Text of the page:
By Simon Slieker
A latter day treatise on the fundamentally subversive power of dance
Dancing, human movement that is free of linear purpose, (maintenance work: get this, do that, go there); that is motivated by a desire to articulate a physical response to music, infused with feeling, is a profound act of political subversion.
But I’ll get to that. Let me first just expound upon the virtues of dance as I’ve come to understand them.
The process of dance, dis-inhibits patterns of social control, it loosens thinking, feeling and imagining, so that the mind and body are able to apprehend a sense of freedom.
On being yourself and belonging
“Being yourself” is so easily affected by external opinion and “likes”, (especially for younger people tied to the whims of social media), and “belonging” so inextricably bound to image, that any notion of being oneself is easily subjugated by fear of rejection.
Dancing, and giving in to the urge, is like giving yourself permission to be, do and act in the way you Seems to me this is an excellent message to receive. It brings the onus on belonging, back to the self. It is an intrinsic message of affirmation and self-acceptance. What better bedrock upon which to be oneself, unashamedly and free of an external judge and jury.
On being yourself in community
Dancing with other people who are also dancing, encourages a communal agreement that says: “This is okay, it is okay to express, be, feel…” Where the dance floor is open and multi-directional there are 360 degrees of potential for facing, expressing and directing the dance. This then encourages interaction between people, more engagement in community, harnessing the expression of: “This is okay, and we’re all in it together.”
Dance parties have the potential to encourage this type of dancing. And yet, increasingly I notice that something else happens instead. A unified force of facing the front. Of busting learnt moves on one hand, and a torpid inertia on the other. Of bumping into others with flagrant disregard at best, and nefarious intent at worst (gross acts of groping and unsolicited touch). None of these lend themselves to the sense of freedom I described at the top. Nor do they inspire it in others. Worse, they actually detract from and breed something else, something boring, and staid, and way too common. Something, many of us, were moving away from when we came to the dancefloor in the first place.
The unwritten rules
As a man who has grown up amidst the tacit socialization of urban Australia, I have absorbed some prevailing and inherent messages. They’re hard to ignore, but I’ve made a conscious effort to dismiss them. Some of them could be articulated thus:
- It is not okay to feel.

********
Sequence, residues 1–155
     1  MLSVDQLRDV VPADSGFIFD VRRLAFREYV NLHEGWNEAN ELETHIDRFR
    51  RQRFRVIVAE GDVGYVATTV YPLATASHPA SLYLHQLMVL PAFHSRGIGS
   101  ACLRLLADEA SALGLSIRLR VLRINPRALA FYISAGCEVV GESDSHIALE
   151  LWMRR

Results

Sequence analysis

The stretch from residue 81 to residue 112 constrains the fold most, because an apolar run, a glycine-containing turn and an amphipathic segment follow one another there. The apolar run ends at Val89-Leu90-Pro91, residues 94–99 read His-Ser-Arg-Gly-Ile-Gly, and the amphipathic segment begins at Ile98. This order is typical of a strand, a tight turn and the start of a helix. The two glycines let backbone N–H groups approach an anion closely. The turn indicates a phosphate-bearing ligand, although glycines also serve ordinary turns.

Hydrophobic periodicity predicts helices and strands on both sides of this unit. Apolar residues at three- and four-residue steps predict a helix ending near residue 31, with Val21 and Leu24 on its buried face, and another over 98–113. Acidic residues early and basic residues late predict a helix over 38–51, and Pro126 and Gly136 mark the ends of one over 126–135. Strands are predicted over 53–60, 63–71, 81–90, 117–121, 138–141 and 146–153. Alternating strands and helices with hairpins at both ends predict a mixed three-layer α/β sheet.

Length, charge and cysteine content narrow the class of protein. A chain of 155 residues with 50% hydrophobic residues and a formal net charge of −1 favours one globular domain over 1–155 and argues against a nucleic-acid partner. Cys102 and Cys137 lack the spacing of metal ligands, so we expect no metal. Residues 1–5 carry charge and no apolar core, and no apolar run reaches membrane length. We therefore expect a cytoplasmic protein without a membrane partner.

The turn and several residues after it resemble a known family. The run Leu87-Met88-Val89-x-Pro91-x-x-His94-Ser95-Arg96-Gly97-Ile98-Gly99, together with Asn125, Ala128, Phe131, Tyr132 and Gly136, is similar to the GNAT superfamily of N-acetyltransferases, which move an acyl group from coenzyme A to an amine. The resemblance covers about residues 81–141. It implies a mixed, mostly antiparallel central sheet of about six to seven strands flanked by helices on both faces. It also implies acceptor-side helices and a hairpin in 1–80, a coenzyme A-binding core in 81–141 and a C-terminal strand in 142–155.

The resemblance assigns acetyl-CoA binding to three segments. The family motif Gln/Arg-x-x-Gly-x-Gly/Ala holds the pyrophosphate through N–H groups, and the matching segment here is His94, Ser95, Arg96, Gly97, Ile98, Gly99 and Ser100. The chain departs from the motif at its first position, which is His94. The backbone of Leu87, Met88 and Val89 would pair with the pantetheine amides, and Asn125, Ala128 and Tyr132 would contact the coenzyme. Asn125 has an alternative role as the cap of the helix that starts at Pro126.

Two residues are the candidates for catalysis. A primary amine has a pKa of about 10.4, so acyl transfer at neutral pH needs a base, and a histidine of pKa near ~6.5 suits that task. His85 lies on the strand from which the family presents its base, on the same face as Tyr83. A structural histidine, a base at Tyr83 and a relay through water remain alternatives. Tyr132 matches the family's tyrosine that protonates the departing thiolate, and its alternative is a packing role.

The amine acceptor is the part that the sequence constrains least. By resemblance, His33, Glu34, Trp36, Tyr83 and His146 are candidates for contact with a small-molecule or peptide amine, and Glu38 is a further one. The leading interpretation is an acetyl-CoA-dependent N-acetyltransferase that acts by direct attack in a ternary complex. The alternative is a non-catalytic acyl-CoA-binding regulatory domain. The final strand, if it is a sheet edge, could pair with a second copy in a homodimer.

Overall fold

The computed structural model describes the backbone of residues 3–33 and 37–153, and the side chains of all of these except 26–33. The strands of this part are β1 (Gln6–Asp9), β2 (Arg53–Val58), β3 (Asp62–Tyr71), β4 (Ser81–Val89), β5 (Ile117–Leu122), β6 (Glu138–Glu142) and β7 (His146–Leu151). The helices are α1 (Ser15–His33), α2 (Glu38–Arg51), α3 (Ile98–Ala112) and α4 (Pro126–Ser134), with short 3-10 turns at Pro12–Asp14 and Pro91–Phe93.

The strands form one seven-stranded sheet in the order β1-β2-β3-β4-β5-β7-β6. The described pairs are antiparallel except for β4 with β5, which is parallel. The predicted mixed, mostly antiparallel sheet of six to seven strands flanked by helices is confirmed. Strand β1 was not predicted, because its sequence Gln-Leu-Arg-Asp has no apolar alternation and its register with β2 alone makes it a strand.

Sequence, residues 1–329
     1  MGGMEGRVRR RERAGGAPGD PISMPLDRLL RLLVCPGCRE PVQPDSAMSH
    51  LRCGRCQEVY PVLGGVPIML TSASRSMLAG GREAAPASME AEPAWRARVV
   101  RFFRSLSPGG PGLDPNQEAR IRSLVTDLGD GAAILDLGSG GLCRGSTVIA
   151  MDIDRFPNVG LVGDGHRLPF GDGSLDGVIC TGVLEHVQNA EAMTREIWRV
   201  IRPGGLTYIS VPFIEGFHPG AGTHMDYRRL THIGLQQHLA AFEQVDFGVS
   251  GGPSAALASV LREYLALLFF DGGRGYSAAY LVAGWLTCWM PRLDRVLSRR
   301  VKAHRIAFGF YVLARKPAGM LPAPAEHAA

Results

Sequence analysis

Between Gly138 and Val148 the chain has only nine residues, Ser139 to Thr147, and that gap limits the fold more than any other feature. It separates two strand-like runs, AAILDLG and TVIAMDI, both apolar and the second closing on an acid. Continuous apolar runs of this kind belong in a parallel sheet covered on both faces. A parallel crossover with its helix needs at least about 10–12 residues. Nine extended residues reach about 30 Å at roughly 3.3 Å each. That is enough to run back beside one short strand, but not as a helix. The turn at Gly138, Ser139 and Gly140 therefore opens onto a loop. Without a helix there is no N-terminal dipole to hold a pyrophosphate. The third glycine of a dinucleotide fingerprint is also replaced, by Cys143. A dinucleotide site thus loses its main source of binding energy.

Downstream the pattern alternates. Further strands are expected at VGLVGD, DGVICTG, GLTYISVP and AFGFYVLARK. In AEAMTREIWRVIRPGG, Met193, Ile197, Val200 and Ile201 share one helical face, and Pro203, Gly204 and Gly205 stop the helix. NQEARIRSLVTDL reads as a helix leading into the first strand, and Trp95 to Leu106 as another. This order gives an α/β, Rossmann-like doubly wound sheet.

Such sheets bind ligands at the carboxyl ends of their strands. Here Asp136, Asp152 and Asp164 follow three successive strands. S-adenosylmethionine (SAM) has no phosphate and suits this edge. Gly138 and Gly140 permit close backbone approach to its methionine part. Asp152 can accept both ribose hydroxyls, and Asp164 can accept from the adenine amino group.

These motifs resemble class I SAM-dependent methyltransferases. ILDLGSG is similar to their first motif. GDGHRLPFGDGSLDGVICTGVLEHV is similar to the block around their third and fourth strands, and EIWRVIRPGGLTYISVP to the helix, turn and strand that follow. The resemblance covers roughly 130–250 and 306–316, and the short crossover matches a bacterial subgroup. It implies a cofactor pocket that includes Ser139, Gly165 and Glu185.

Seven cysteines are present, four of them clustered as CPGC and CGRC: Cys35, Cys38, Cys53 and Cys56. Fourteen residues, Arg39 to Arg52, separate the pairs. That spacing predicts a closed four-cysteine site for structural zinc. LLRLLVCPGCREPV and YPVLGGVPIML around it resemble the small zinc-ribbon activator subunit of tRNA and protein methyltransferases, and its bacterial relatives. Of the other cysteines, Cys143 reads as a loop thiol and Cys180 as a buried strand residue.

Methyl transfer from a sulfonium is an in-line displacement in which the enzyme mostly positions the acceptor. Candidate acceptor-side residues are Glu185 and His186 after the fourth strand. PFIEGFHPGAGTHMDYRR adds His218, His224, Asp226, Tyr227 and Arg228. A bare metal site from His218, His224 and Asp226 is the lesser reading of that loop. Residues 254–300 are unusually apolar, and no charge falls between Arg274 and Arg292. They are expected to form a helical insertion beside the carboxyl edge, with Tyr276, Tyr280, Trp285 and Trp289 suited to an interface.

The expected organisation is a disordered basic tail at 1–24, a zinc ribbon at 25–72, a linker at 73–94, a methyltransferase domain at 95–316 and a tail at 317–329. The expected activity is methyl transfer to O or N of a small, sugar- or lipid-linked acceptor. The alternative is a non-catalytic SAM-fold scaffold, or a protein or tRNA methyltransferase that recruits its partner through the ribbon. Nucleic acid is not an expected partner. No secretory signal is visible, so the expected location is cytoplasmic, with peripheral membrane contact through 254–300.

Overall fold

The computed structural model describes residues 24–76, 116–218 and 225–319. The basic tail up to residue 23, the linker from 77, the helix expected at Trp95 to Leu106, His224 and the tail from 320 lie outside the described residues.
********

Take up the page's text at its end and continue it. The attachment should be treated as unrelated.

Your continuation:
- It is certainly not okay to express your feelings.
- It is not okay to think thoughts that contradict:
- the laws of society,
- the tenets of various religions,
- the social constructs around race, sex and morality.
So when I first encountered dance party culture, I thought, “something about this is really, really, good. Convention here contradicts convention out there. And in that, this new thing subverts that old thing.”
How? By liberating patterns of control that are part of the construct of the society in which we live.
Dancing is subversive because it tugs at the fabric of that construct
I saw people, coming together, reclaiming spaces which were (potently) symbols of western industrial society, warehouses, filling them with art, and colour and light and above all loud drum based music, music that evoked a sense of the tribal, the primal, and the dance.
Dancing like I’d not really seen before.
This was dancing in all directions, and every direction was filled with movement and other people swirling around the space. And the DJ or music source was there, acknowledged, but less a focus than the dance itself.
I came to realise: There is no front in 360 degrees of space
Reclaiming the liberating potential of the dancefloor
In reflecting on these moments in time, my past and what has changed, I have come to wonder: What can we do to reclaim the dance as a powerful act of liberation?
This is what I have come up with; but maybe you can think of more:
- Let go of the concept of “the front”. It is hard, it can be like facing the back in a lift, but it can be done.
- Know when you are doing “moves” and see if you can also just move.
- Acknowledge the people around you, relate to them as colleagues and co-conspirators, not obstacles and bumping poles.
- Notice if you are watching the dj out of habit, and allow yourself to see if there is anything more interesting.
- If the dj is being awesome, then watch.
- Notice when you start being “judgy” of people who are letting themselves really dance, and ask yourself what it is that makes you judge them. There are bound to be a world of realisations in that alone.
I am very tired of seeing my female friends cringing away from predatory men, going the grope. The more one person makes a choice to seize the creative moment on the dancelfoor the more it is enabled in the next. The more it will stand out when some choose to violate another’s freedom.
You may argue that this is fine in the aforementioned utopia of unlicensed venues and warehouses, before the culture was cluttered with the dross of commercialisation and crowded club spaces. But, and here’s the thing, there is nothing stopping us from being ourselves wherever we are and whenever we want to be, other than ourselves. And maybe in this day and age where we are so focused on who is controlling who, this notion is the most frightening of all.